how to three MR16 replacements to put on some artwork in my entry hall, and they made the red look awful. I returned one of them and kept the halogen in the center of the fixture. That one gives me decent color, and the two LEDs are an efficient way to add to the brightness. My house isn’t the Louvre, so it works OK. There’s a political conspiracy myth that comes around my Facebook feed and in email forwards — “Have you heard that Obama’s trying to take your lightbulbs and force you to buy the toxic green kind?” Actually, the legislation was passed in 2007 (Obama took office in 2008), by Congress (which is actually how we make laws in the U.S.) with bipartisan support. So, even if you believe that the president controls what Congress does, this would mean that George W. Bush is (was) coming to take your light bulbs. CFL and LED lighting are disruptive technologies that should make incandescent lighting obsolete for most residential applications. The bad news is that political pushback (mostly due to conspiracy theory emails) led to defunding of the phase-out in 2011. The good news is that many other countries have implemented phase-outs, and the lighting industry has largely re-tooled to produce the new bulbs. Check the lighting aisle of your local home improvement store, and you’ll see more options and fewer incandescent bulbs than ever before. Finally, there’s the big issue — the mercury. CFLs contain a small amount of mercury. How much? Coincidentally, about the same amount that is emitted by a power plant to power the equivalent incandescent lightbulb. Ironically, refusal to use CFLs because of “the mercury” does nothing to reduce the amount of mercury that’s out there for people to be exposed to, but instead puts it into the air so that all of us are exposed. Those who choose to use CFLs keep it inside their lightbulbs, where it can be safely recycled or cleaned up properly if one breaks. Unless a CFL breaks, it releases no mercury at all. If it does break, you don’t have to call a haz-mat team to clean it up. You should take a few easy precautions that involve duct tape, Ziploc bags and paper towels. If you don’t have these things in your house already, you should really stock up. Even if
you totally botch this, the amount of mercury involved is less than 1/100 of what’s in a mercury thermometer. If you’re over 30, you’ve probably broken at least one of those in your life and not handled that cleanup properly. But, the argument usually goes, your view of healthy living and/or parenting is to take a zero-tolerance approach to hazardous materials. No one understands where this sentiment comes from more than I do, but I’d also like to just observe that you are living on the wrong planet. Does your zero-tolerance stance on mercury extend to eating fish or fish oil? Guess where the fish get mercury? Power plant emissions is one of the big sources: air pollution eventually gets into the water, and then into the fish. It would be great if there were some easy, low-cost options for reducing power plant emissions, like using CFL lightbulbs. Does your zero tolerance approach include other chemicals? If so, you might want to surf around the “chemicals and toxics” section of the EPA’s website, where you can learn about all sorts of other stuff that I’m sure you’re not using in your house. Things like candles, prescription medication, Teflon, pressure-treated wood, and cleaning products. And if you need to use them, I’m sure you’re handling and disposing of them as recommended to keep us all safe. By the way, CFLs represent only about 1/100th of a percent of annual mercury emissions in the US, and 98.9 percent of the mercury in a CFL is recovered if it is recycled properly. Most hardware stores have recycling programs, including Ace Hardware, Home Depot, Ikea and Lowe’s. If you happen to live in an area where recycling isn’t convenient, you can get mail-in kits. There really just isn’t any rational excuse, but if you or someone you know is determined to cling to irrational ones, then fine. The cost of doing that is about $30 each for LED bulbs. Otherwise, spend a dollar and do the easiest, smallest thing possible to benefit your planet. Buy a CFL lightbulb. — it’s the least you can do.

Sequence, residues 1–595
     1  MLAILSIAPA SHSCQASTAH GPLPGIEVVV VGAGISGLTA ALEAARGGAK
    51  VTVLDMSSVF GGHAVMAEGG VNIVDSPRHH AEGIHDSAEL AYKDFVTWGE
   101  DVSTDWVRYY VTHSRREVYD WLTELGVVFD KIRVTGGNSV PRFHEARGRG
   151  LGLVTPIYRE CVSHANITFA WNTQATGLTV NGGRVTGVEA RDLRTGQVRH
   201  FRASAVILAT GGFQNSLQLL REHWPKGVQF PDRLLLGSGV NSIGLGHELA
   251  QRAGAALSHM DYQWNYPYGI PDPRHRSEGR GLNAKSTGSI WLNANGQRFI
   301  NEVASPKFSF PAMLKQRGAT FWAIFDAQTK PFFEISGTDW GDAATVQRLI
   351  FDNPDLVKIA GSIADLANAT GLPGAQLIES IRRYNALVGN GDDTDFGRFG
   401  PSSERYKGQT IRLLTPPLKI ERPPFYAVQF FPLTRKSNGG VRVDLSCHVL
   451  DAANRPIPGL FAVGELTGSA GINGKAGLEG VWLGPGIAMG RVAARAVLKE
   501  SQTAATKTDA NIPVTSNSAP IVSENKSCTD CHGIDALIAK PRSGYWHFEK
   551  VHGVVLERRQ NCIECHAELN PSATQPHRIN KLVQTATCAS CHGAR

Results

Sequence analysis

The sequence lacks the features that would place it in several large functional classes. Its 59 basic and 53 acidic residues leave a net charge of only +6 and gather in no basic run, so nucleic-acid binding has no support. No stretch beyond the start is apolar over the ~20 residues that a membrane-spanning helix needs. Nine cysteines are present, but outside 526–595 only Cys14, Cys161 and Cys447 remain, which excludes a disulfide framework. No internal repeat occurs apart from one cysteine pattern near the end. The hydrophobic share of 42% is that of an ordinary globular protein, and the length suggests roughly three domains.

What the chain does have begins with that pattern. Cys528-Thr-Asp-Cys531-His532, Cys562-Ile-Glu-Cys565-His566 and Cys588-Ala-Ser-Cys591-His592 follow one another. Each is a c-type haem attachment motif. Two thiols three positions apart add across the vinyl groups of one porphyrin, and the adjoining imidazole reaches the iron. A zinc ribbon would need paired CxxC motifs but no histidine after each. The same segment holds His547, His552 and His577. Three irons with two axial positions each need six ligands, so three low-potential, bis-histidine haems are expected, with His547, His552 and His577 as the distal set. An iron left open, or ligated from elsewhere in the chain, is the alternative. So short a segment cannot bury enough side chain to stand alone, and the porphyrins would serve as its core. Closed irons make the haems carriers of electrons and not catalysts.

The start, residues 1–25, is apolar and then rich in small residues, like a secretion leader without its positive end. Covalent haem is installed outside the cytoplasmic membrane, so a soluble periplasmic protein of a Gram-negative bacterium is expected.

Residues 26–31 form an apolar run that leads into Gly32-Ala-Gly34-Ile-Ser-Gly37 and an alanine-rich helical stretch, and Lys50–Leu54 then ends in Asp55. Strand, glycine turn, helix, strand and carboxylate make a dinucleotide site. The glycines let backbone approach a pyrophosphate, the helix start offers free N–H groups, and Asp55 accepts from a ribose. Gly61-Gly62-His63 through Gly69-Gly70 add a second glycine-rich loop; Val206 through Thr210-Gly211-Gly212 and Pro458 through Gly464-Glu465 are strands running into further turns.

Design elements of a simple rain barrel: p
BY RAYMOND THOMPSON p
These are some basic tips that can be used to build an effective low maintenance rain barrel. ■ Use a full size overflow connected to a drain that outlets draining away from the home. This protects the homes siding and foundation. 3" or 4" SCH 40 PVC drain pipe affixed to the barrel with a high quality tri-polymer caulk (Lexel, Geocel, etc.). ■ Use a fine filter screen. A tough window screen works well. It allows the spigot/valve to clear any debris from the barrel. ■ Elevate the barrel for ease of use. Thirty inches is a good height for filling 5 gallon buckets etc. it is also a good height because it allows easy cleaning of the top screen ■ Affix the rain barrel and overflow to the house. A full 50-gallon rain barrel weighs approximately 400 pounds and should be securely fastened to the home
Raymond Thompson owns Sure Foot Builders Inc. and has been in Asheville for the past 10 years. He began as a helper over 20 years ago in Frankfort, Ken. and is now focused on building new green homes.
Amy Musser is Founder/Principal of Vandemusser Design PLLC, an Asheville-based home energy efficiency company. A licensed mechanical engineer, she provides design assistance, certification and audits to support high performance homes.
A primary tool for education, outreach and expansion of the green building industry in Western North Carolina.